Of all the shortcomings of the establishment press today, none is more central to the corruption of the profession than the decision to prioritize balance over accuracy. That corruption is visibly on display in the current coverage of the McCain campaign’s policy of deliberate lies. And you won’t find a better example than Cathleen Decker’s piece in yesterday’s LA Times.
Read into the article and you’ll see numerous instances of McCain’s repeated use of false claims and lies and one instance Decker is able to dig up of an Obama campaign claim that arguably leaves out some information.
But the conclusion and packaging of the article is that both candidates deceive equally and that they do so because it works. (There was another example, though not quite as egregious, by Jonathan Weismann last week in the Post.)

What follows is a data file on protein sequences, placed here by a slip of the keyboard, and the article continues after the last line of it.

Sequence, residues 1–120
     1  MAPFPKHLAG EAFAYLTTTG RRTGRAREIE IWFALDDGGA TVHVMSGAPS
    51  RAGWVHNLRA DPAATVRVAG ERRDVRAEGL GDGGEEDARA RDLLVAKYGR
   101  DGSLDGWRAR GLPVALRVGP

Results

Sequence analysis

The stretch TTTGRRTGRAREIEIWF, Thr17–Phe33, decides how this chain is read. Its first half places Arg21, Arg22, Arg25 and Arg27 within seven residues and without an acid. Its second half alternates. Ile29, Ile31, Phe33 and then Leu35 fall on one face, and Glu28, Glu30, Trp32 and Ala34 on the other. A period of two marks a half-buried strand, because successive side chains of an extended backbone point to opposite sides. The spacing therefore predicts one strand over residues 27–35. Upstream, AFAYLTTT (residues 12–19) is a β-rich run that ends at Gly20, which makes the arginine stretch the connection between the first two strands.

We hear a lot about the steep and perhaps terminal decline of the business model underlying daily print newspapers. But this corruption in the basic conception of the craft — which is actually related to the economic decline — gets discussed much less.
This is what gives liars a clear strategic advantage over non-liars. And it’s an open question whether McCain’s level of dishonesty turns out to be so great that it overwhelms reporters’ unwillingness to report accurately on it.